I often receive useful feedback and opinions about my articles for ERE and I try my best to address and learn from this feedback whenever possible. This article is in response to feedback I received on an article my associate Dr. Steve Hunt and I wrote for ERE last month. The topic of this article was what we referred to as “pre-screening.” While the topic itself was worthy of discussion, I also received some useful feedback about the appropriateness of the term pre-screening. It was suggested that pre-screening may not be the best way to describe the process of evaluating high-level candidate information in order to determine which candidates meet the minimum qualifications for a given job. Since the evaluation of this type of information is usually the first level of screening when evaluating a candidate, it is technically not possible to screen someone before this step. Thus, the term pre-screening is a bit of a misnomer. While this particular confusion is not a serious problem in and of itself, it is indicative of a broader issue that faces all of us ó namely, the lack of standardization in the terms we use to describe the products, tools, and activities that make up the recruiting and staffing process. The purpose of this article is to begin standardizing some of these definitions, in order to ensure that all of us are on the same page when it comes to the language we use to describe the online staffing process. I want to get the ball rolling by responding to the feedback on my last article with the suggestion that the term pre-screening be dropped in favor of the term “qualifications screening.” I define “qualifications screening” as “the evaluation of candidate qualifications early on in the staffing process. Pre-screening is typically used to remove applicants who are clearly unqualified from the applicant pool early on in the hiring process. This frees up resources to be focused on gathering more in-depth information from qualified applicants.” The remainder of this article contains more definitions of terms commonly used by those of us in the technology-based staffing business. These definitions were taken from the glossary of my Rocket-Hire Buyer’s Guide to Web?Based Screening and Staffing Assessment Systems. Access channel/candidate access channel: Any means by which a candidate can gain access to online recruiting functions or online staffing assessment tools. These may include job boards, corporate employment portals, kiosks, wireless handheld computers, hyperlinks that are embedded in emails, or URLs that are advertised using conventional channels such as billboards or newspaper ads. Applicant tracking system (ATS): An applicant tracking system (ATS) is a software application designed to help an enterprise manage its staffing process more efficiently. Applicant tracking systems are sometimes referred to as candidate management systems, although in reality the two are slightly different, since a true ATS functions at an enterprise level while a candidate management system is suitable for smaller-scale applications. An ATS can be used to post job openings on a corporate website or job board, screen resumes, and generate interview requests to potential candidates by email. Other features may include individual applicant tracking, requisition tracking, automated resume ranking, customized input forms, pre-screening questions and response tracking, and multilingual capabilities. It is estimated that roughly 50% of all mid-sized companies and almost all large corporations use some type of applicant tracking system. Most applicant tracking systems represent enterprise-level technology and require a reasonable amount of time and effort to be configured to map onto an individual organization’s staffing process. Assessment administration systems: An electronic (online) system that allows staffing professionals to configure and administer online staffing assessments. These systems allow users to accomplish tasks such as scheduling candidates for assessments, attaching links to online assessments to job postings, and tracking a candidate’s progress in the selection process. Assessment delivery systems: The system used to deliver assessment content to a candidate. Assessment delivery systems are usually web based; however, assessments can also be delivered via paper, phone (IVR), in person, kiosks, or wireless devices. Candidate management system (see also “Applicant Tracking System”): An application that allows staffing professionals to manage information obtained from job applicants and to use this information for administrative purposes. While these systems perform many of the same functions as applicant tracking systems, they are usually associated with functionality that is included with many online assessment platforms. This is in contrast to an ATS, which is usually a standalone system that functions at an enterprise level. A common difference between candidate management systems and applicant tracking systems is whether or not they are set up to transfer data to an organization’s HRIS. Applicant tracking systems almost always provide this functionality, while many candidate management systems do not. Candidate profiles: Information that summarizes an individual’s suitability for a job relative to specific job requirements. Candidate profiles represent the output of many online staffing assessment systems. Typically, candidate profiles contain a graphical representation of a candidate’s traits compared to the ideal range of these traits in terms of effective job performance. Many candidate profiles also contain detailed narrative information about a candidate’s strengths and weaknesses relative to job performance requirements. Competency/competency model: The term “competency” is often used in a variety of different ways. However, the most common definition defines a competency as a set of behaviors that influence organizational performance. For example, interpersonal savvy or relationship-building are common competencies. Competency models contain sets of competencies that identify key behaviors employees need to display in order to succeed in their roles. Competency-based assessments: Assessments designed around the behaviors found in a competency model instead of around more “psychological” attributes, such as personality traits or abilities. Competency-based assessments often integrate multiple types of assessment methodologies in order to predict the various behaviors defined by a competency. Competency-based reports: Much like a “candidate profile,” these are reports that describe a candidate’s suitability for a specific job based on the likelihood that they will display the competencies that influence performance for that job. Corporate careers portal: The careers section of a corporation’s website. It is estimated that over 90% of organizations that have a website have some form of a corporate careers portal. However, there are a wide range of functions and services associated with these portals. Many larger corporations rely on their corporate careers portal to establish their employment brand. Such extensive portals often include detailed information about a company’s values as well as profiles of employees, games, and the opportunity to search and apply for jobs. Many of the larger online assessment vendors offer their customers pre-made, private label career sites that can be installed on a company’s website with little effort. Dashboard reporting: In an online staffing assessment system, this is a set of screens that provide users with comprehensive information about multiple applicants relative to the requirements of the job for which they are applying. Most dashboard systems utilize layered reporting in which high-level information is presented in initial screens but more detailed information can be accessed via clicking through various pieces of information about each candidate. This type of reporting is usually provided by more technologically advanced staffing assessment systems. Electronic recruiting agents: Web-based applications that allow users to automatically search the web to find resumes of candidates who are qualified for a specific position. These are used by recruiters to identify and retrieve information that they can use to make contact with viable job applicants. Employment brand: The message an organization sends to candidates regarding what the company is like as an employer. The employment brand permeates recruitment messages sent by the organization, including their web-based recruitment process. Staffing assessment tools also affect a company’s employer brand. If candidates perceive assessments as unpleasant or non-job relevant, they are likely to be less favorably disposed toward the company as a potential employer. Full-service assessment system: System that supports a wide range of assessment tools and candidate management features. Hiring recommendations: A specific recommendation to help staffing personnel make decisions based on the match between a candidate’s assessment results and job performance requirements. These systems express hiring recommendations in very simple terms such as percentage values or red, yellow, and green lights. Human Resource Information System (HRIS): Enterprise-level software systems designed to support management of human resource data (e.g. payroll, job title, candidate contact information). Some of the larger HRIS platforms include SAP and Peoplesoft. IVR (interactive voice recognition) assessment: Assessment system that collects information from candidates using an automated telephone system. Candidates typically access these systems using a 1-800 number. Candidates answer questions either by using the telephone keypad or by speaking to a computer designed to recognize specific voice responses. Job board: A website or part of a website that allows job seekers to view available jobs posted by a variety of organizations. Once applicants have identified a job that they are interested in applying for, the job board provides them with a way to send critical job-related information (such as a resume) to the employer. Many job boards have a variety of additional services to help job seekers manage their careers and their ongoing job search processes. Knockout questions: Specific questions on an assessment instrument that are used as independent criteria for qualifying or removing candidates for consideration for a position during the pre-screening or qualifications screening phase of the hiring process. For example, a question asking candidates if they can provide eligibility of their right to work in the United States might be used as a knockout question. A company might decided that if a candidate does not answer “yes” to this question, he or she will no longer be considered for the position regardless of how the candidate performed on the rest of the assessment. Knockout questions should be used very conservatively and only to assess very clearly defined, highly objective qualifications. Niche job board: A job board that serves a specific industry or occupation. For instance, www.salesjobs.com is a niche job board that caters to sales professionals. Off-the-shelf assessments: Assessment tools that can be purchased and implemented with little or no customization. These are typically less expensive than tailored assessments and can be quickly deployed. Off-the-shelf assessments may not be as valid or efficient as tailored assessments because they are designed to predict general aspects of performance rather than focusing on the specific behaviors that drive success in a particular job. Personnel selection: The process used to determine whether to make a job offer to a candidate. Realistic job preview (RJP): A selection measure or step in a selection system that provides an applicant with realistic and accurate information about some of the more difficult aspects of the job. It is hoped that this realistic information will cause applicants who are not comfortable with the more difficult parts of a job to remove themselves from the selection process. Studies have shown that RJPs are an excellent way to help reduce turnover. Red-flag response: A specific response to a single item on an assessment instrument that is felt to be highly indicative of a potential candidate weakness. For example, a candidate who marked “yes” in response to a pre-screening question asking if they had ever been fired from a job might be marked as a red-flag response. Reporting tools: Tools that allow clients to interpret and use the data collected via an assessment system. Information typically provided by reporting tools includes summaries of applicant scores on different assessments tools, number of applicants completing different assessments, passing rates broken down by different applicant characteristics, or EEOC statistics. Resume capture: A functionality that allows a candidate’s resume to be uploaded into a resume database maintained by a job board or corporate careers site. Resume evaluation software: Software that uses artificial intelligence to parse (dissect) a resume and infer meaning from its contents. These systems are seen by some as an efficient way to reduce the amount of resources required to evaluate resumes in situations with large numbers of applicants. Sourcing: The act of finding candidates to apply for a job opening. Sourcing can be active or passive. In active sourcing, recruiters search databases and job boards to try and locate qualified candidates. Passive sourcing involves using resources such as print advertisements, careers pages, or job boards to help applicants find out about available job openings and compel them to apply. Staffing: The process of acquiring, deploying and retaining a workforce of sufficient quantity and quality to create positive impacts on the organization’s effectiveness. The process used to hire new employees into an organization. Staffing assessment: Any tool or system that collects information from job candidates for the purpose of aiding hiring decisions. Standalone assessment platform: An assessment system that is designed to function on its own, without being integrated with other technology platforms. Static reporting: Reporting in which the results of staffing assessments are delivered via a PDF file or in an email. Static reports do not allow users access to varying levels of information about a candidate. Technology platform: The technology system used to deliver, score, and manage online staffing assessments. Technology platforms range from simple systems in which tests are e-mailed to applicants to extremely complex systems that incorporate a variety of advanced scoring and candidate management features. I hope these definitions have been helpful and I encourage readers to provide me with their opinions regarding their appropriateness.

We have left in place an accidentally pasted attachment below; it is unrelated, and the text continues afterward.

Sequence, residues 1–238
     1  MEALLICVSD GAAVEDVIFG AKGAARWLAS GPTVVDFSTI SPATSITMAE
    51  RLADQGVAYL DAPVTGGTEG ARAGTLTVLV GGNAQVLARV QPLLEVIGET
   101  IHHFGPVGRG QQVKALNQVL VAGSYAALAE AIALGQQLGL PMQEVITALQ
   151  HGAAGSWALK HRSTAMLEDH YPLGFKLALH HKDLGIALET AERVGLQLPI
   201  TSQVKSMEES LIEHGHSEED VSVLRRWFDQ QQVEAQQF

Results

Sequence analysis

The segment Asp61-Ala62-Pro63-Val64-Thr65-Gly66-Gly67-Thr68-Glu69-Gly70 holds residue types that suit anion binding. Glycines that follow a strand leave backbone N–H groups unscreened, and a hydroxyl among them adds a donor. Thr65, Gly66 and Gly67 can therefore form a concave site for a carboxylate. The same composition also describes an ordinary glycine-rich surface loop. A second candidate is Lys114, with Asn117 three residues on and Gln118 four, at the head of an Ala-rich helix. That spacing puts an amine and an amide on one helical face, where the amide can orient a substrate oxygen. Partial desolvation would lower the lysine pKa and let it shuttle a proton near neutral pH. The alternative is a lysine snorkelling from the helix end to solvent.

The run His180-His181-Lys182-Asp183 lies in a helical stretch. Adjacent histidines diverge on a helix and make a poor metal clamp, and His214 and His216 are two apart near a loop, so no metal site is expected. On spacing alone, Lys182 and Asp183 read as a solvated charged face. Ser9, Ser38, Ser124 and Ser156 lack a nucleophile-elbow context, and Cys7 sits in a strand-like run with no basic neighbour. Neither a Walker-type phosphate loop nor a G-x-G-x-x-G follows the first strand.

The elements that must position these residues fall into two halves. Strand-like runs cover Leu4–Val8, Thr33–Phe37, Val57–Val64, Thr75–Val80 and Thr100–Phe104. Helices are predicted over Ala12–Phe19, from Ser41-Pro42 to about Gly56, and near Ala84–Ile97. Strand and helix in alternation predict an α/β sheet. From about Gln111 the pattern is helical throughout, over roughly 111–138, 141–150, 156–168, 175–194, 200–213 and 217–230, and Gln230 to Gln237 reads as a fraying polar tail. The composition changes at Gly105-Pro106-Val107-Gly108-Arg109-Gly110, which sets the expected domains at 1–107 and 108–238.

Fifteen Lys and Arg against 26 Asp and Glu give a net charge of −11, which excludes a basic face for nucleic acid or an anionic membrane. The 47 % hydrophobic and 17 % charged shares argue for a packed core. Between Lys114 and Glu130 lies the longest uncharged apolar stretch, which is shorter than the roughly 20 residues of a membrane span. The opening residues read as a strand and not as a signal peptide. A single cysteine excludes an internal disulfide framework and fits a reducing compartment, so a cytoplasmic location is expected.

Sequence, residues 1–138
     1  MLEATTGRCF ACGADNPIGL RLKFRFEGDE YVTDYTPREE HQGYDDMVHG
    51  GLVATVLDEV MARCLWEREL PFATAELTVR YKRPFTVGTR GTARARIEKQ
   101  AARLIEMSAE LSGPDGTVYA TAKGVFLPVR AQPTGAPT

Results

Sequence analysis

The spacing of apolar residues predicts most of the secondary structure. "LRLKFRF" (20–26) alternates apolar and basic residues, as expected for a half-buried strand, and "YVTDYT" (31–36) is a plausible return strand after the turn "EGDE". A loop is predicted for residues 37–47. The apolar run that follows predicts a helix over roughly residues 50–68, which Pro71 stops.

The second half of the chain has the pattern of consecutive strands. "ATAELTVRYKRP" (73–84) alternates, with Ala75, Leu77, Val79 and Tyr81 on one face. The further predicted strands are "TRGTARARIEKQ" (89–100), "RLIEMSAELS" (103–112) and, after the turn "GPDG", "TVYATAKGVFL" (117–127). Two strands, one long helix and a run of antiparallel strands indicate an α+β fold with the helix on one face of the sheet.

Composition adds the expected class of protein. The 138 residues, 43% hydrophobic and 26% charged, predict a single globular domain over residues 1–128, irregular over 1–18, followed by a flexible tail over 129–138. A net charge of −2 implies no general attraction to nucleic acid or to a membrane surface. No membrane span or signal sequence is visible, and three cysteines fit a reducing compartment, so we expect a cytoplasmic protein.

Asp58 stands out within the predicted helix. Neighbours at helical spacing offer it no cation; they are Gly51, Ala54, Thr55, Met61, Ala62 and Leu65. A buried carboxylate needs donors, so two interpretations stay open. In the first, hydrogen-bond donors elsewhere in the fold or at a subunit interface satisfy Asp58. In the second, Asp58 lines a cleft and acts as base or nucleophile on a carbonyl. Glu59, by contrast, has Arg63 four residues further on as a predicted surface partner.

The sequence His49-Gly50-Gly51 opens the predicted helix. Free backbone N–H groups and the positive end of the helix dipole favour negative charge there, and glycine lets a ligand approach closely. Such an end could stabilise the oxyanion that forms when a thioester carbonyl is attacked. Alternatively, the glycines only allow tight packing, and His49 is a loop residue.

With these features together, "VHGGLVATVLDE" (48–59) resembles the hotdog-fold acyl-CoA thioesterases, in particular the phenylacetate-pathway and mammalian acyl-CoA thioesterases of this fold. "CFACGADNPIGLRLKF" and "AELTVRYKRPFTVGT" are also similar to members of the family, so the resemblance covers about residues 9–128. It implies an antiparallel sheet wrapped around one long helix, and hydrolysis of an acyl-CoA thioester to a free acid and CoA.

Dr. Charles Handler is a thought leader, analyst, and practitioner in the talent assessment and human capital space. Throughout his career Dr. Handler has specialized in developing effective, legally defensible employee selection systems.
Since 2001 Dr. Handler has served as the president and founder of Rocket-Hire, a vendor neutral consultancy dedicated to creating and driving innovation in talent assessment. Dr. Handler has helped companies such as Intuit, Wells Fargo, KPMG, Scotia Bank, Hilton Worldwide, and Humana to design, implement, and measure impactful employee selection processes.
Through his prolific writing for media outlets such as ERE.net, his work as a pre-hire assessment analyst for Bersin by Deloitte, and worldwide public speaking, Dr. Handler is a highly visible futurist and evangelist for the talent assessment space. Throughout his career, Dr. Handler has been on the forefront of innovation in the talent assessment space, applying his sound foundation in psychometrics to helping drive innovation in assessments through the use of gaming, social media, big data, and other advanced technologies.
Dr. Handler holds a M.S. and Ph.D. in Industrial/Organizational Psychology from Louisiana State University.